In 1914 war broke out in Europe and all the major powers entered the struggle with enthusiasm. The local newspapers supported the cause vigorously.
Those who volunteered were listed and praised by the newspapers. The October 2nd edition of the Scarborough Mercurey printed the following names:-
- Jim Sheader, Naval reserve, 3 Dog and Duck Steps
- J O'Hare, HMS Victoria, 91 Longwestgate
- Robert Wray, Minesweeper, 74 Longwestgate
- F Holmes PO, HSM New Zealand, 19 Trinity House, St Sepulchre Street
- James Leppington, stoker, HMS Portsmouth, 4 Low Conduit Street
- AE Matson, stoker, HMS Edgar, 13 St Thomas Walk
- AE Wood, HMS Black Prince, 60 Tindall street
The Scarborough Pictorial went even further and published photos of sailors and soldiers who had volunteered to "fight and die" for king and country. The Scarborough Pictorial was popular amongst the sailors who had copies. They enjoyed this personal feature.
The Scarborough Pictorial was more of a tabloid style newspaper with lots of photos. It also reprinted many popular poems and songs for the sailors and soldiers. They helped people get into the spirit of the war. Many of the poems reflected real life and often had a sense of humour. The following poem was also published in the Scarborough Pictorial entitled "Our Daily Life" by "A Poet Afloat". It was written by a crew member of HMS Princess Royal:
Its the same old stretch of ocean,
We're churning up each day,
We know by name each porpoise,
Which follows us in play,
We forcast each days weather,
In sky tints pink and green,
But as for bally Germans,
They're nowhere to be seen.
Its the same old daily routine,
The same old lack of news,
The same old daily "spreading",
And close up turrets crews,
The "third days tribulation",
The same old coaling feet,
But not a single sign of,
The German High Seas Fleet.
There were poems for the ladies too which emphasized romance and sacrifice. The 18th November copy of the Scarborough Pictorial published the following poem entitled "The Drowned Sailor" .
Last night I saw my true love stand,
All shadowy by my bed,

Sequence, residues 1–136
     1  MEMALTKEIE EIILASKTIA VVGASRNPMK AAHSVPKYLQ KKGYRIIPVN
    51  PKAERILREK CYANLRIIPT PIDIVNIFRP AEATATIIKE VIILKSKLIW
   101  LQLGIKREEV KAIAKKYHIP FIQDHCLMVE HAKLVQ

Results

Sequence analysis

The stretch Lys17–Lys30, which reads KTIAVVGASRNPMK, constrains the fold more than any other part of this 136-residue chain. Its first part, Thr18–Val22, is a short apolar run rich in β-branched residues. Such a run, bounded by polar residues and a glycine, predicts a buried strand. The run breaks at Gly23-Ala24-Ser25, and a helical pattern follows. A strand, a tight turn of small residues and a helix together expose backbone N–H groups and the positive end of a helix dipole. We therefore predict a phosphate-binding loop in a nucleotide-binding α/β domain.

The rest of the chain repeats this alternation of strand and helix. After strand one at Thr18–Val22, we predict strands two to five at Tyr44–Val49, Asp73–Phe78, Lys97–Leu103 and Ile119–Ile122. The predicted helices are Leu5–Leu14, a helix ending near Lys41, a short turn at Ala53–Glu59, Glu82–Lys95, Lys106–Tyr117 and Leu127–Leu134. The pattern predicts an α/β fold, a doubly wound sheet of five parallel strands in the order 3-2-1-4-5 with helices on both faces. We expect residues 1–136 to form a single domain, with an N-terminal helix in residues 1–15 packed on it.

He had my locket in his hand,
I knew that he was dead,
Sweetheart,why stand you there so fast,
Why stand you there so grave,
I Think (said he) this hours the last,
That you and I shall have,
You gave me this from your fair breast,
Its never left me yet,
But now it dares not seek the rest,
Because it is so wet,
The cold grey sea has covered it,
Deep in the sand it lies,
While over the long weeds flit,
And veil my staring eyes,
And there are german sailors laid,
Beside me in the deep,
We have no need of gun or blade,
United in our sleep,
Cold is the bed that I lie in,
And deep beneath the swell,
No voice is left to make my moan,
To bid my love fair well,
Now I am a widow that was a wife,
Would god that they could,
What law would rule without the strife,
That robbed me of my love,
[Maurice Hewlett in the Daily Chronicle]
The soldiers and sailors were sent parcels of comforts. These were filled with items to make the sailors feel at home. The shops even bought in items directly for this purpose. The Boyes sale of November 1914, included over £300 of wool which,the adverts stated, was "suitable for soldiers and sailors comforts".
The papers were filled with various photos and features raising money for and supporting the war cause. Typical was the Penny Comfort Fund who raised money for the troops comforts. These were very much appreciated. Four sailors from the fleet F. Ellis, T. Dove , A. Fowler and J. Sheader wrote to the Scarborough Pictorial : - "The splendid parcel of comforts arrived safely this evening, and we feel we cannot thank you enough for your great kindness. The things are grand and are greatly appreciated. Winter is upon us here, everything is white over with snow and very cold". It is likely that these four sailors were with the Grand Fleet which was stationed at Scapa Flow. Those wollen jumpers were badly needed and appreciated up in the Scottish Isles. THe Grand Fleet was stationed in the Scottish Isles ready to engage the German Imperial Navy as it left the Kiel Canal.
- Scarborough Mercury 1861
- The Scarborough Pictorial 4th November,1914
- The Story of the Scarborough Lifeboats by Jeff Morris.